“And it’s certainly not the language that’s going to appeal to or convince anyone who is in the middle on the court,” she added.

Severino noted that a justice’s written opinions provide only limited information about a justice’s influence, and that often a justice’s impact on the Court is not publicly known until many years later. 

An example is a pair of cases from Justice Thomas’ first term, Foucha v. Louisiana and Hudson v. McMillian. In both cases, the eventual publication of Justice Harry Blackmun’s papers showed that Justice Thomas had started out as the lone dissenter, but other justices eventually joined his persuasive dissents.

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then-Judge Ketanji Brown Jackson at Senate hearing

Then-Supreme Court nominee Ketanji Brown Jackson testifies during her Senate Judiciary Committee confirmation hearing on Capitol Hill on March 23, 2022. (AP Photo / Andrew Harnik)

Dissenting opinions from associate justices like Clarence Thomas and the late Antonin Scalia — who found themselves in the minority of key rulings early in their tenures — have been included in law school textbooks for decades and played a role in shaping a generation of legal advocates and the decisions of the current Court.

However, Severino said that while it is too soon to tell how Jackson’s work will be memorialized, problematic elements in her dissents like quoting faulty statistics and “historically incorrect” approaches to the law deem them questionable as to how they will be revered by legal scholarship in the future.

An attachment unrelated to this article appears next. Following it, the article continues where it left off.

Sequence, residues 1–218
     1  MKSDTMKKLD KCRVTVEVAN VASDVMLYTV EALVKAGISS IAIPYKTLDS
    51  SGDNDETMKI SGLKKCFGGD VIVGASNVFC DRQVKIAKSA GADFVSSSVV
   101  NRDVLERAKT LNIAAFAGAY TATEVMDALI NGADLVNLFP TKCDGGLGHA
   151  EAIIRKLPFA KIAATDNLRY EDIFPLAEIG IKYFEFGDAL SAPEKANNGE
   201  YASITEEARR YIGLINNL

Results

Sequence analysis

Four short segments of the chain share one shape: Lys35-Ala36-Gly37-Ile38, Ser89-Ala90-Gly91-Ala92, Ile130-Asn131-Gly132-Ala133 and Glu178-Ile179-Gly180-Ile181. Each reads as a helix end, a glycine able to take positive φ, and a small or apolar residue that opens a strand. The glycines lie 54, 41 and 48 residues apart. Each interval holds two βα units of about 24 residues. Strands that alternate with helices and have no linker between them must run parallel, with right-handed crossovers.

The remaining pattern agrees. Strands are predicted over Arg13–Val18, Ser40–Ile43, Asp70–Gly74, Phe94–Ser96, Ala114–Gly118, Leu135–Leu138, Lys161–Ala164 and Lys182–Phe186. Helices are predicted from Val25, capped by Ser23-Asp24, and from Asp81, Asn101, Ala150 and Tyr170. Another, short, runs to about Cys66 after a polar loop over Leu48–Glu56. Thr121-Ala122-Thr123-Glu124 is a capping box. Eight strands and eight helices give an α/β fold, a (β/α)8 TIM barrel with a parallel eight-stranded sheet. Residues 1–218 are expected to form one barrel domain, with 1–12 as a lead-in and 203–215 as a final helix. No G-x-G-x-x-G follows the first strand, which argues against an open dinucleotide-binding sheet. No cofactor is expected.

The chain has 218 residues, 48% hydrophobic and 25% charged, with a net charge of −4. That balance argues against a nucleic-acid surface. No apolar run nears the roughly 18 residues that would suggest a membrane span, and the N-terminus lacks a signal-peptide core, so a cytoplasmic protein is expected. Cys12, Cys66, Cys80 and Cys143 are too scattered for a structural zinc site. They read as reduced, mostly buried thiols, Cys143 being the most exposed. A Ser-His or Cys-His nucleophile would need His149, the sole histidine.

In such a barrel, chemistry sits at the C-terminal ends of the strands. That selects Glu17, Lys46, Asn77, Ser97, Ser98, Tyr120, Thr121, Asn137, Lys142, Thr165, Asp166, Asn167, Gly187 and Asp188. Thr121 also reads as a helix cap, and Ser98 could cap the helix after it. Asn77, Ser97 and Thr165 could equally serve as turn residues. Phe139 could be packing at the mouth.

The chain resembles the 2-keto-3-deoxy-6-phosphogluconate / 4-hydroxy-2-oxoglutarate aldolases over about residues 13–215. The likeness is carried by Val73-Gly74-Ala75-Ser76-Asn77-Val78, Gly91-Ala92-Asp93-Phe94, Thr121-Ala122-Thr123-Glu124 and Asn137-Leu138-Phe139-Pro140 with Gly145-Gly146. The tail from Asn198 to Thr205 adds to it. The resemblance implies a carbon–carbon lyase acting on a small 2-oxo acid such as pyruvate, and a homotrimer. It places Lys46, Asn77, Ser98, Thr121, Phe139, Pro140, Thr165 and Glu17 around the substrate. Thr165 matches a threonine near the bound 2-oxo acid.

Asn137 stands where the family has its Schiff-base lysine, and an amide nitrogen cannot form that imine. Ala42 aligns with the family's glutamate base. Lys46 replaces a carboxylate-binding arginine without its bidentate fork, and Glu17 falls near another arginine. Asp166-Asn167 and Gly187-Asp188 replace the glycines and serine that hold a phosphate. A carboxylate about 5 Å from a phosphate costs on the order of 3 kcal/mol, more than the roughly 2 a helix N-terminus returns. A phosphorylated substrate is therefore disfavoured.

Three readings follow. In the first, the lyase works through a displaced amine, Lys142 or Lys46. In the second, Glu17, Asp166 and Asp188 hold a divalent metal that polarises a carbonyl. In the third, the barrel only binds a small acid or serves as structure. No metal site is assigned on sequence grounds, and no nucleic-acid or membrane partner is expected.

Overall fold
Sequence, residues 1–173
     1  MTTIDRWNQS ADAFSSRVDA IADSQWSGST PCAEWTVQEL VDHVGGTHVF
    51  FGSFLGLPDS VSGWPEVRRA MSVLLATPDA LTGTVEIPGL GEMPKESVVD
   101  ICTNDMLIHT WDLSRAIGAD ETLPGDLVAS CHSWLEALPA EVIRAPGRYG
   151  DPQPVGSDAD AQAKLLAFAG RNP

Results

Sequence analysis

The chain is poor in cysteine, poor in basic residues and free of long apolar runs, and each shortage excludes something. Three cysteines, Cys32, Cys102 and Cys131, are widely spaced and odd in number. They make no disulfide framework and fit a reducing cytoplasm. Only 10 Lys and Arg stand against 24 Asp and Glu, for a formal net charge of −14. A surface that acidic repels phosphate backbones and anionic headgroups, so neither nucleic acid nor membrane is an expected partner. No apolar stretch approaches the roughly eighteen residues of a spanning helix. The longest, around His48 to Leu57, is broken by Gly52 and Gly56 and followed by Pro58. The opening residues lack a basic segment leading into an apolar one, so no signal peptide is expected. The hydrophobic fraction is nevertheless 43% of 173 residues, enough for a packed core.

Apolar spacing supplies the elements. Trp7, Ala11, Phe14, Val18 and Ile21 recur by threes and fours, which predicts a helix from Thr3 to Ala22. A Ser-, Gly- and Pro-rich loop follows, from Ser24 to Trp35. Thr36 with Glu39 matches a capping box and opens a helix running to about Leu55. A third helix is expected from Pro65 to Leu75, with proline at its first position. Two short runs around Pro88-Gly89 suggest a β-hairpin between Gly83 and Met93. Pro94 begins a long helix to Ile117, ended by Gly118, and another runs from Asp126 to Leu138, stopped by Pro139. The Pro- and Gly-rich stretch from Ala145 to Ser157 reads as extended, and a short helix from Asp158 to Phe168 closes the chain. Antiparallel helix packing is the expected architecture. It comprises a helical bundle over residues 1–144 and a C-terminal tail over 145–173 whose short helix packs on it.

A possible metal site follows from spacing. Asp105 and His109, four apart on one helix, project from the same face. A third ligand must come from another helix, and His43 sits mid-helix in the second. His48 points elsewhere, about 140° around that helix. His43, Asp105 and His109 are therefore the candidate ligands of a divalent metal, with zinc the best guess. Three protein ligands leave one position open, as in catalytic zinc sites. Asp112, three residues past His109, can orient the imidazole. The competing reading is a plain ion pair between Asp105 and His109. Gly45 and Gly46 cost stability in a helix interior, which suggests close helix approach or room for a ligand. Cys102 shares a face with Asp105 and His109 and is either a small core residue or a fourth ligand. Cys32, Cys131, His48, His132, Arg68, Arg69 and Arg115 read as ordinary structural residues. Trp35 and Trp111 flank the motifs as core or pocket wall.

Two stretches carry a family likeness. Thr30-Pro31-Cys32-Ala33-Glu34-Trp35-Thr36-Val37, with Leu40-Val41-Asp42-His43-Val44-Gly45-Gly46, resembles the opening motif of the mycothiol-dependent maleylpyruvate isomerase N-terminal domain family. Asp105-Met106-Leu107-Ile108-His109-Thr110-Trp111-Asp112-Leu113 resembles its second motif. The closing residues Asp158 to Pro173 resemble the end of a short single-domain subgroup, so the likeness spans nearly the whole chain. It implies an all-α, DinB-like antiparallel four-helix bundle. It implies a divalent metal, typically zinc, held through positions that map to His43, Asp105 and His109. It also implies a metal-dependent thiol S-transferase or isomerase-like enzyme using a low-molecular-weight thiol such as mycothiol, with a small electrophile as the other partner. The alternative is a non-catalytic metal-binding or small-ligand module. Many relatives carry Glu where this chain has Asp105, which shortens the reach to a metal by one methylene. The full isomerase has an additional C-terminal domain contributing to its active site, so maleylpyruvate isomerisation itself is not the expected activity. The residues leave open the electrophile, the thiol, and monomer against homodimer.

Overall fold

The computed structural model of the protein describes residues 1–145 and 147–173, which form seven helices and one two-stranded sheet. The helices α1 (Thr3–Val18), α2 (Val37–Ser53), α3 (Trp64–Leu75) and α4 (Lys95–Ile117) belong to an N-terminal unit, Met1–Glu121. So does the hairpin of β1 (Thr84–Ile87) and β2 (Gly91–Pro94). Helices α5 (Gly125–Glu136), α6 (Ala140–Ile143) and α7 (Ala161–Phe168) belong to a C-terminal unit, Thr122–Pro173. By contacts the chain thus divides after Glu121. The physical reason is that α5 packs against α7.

“Are you writing separately just to make a point or are you writing separately because you are sort of laying the groundwork for potentially in the future, turning that dissent into a majority[?]

“I think this is a contrast with Justice Scalia. He was really encouraging people to look at the Constitution and different provisions in a way that they had not been seeing them before. I’m not sure that I see her doing that in the same way,” Severino said.

However, Elizabeth Wydra, president of the Constitutional Accountability Center, praised Jackson’s first term that signaled a possible “real, sustained challenge” to the conservative majority, reaching liberal results while using a textualist approach to interpreting the Constitution.

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Justice Ketanji Brown Jackson

Supreme Court Justice Ketanji Brown Jackson. (Tom Williams / CQ-Roll Call Inc. via Getty Images / File)

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“In her first term on the bench, Justice Jackson challenged the dominant conservative narrative of the Constitution, marshaling constitutional history to make clear that our national charter demands meaningful equality and supports a genuinely thriving multiracial democracy,” Wydra told the New York Times. 

“This could mark a new chapter for the court where we see a real, sustained challenge to the conservative originalism of the current supermajority, equally rooted in text and history,” she said.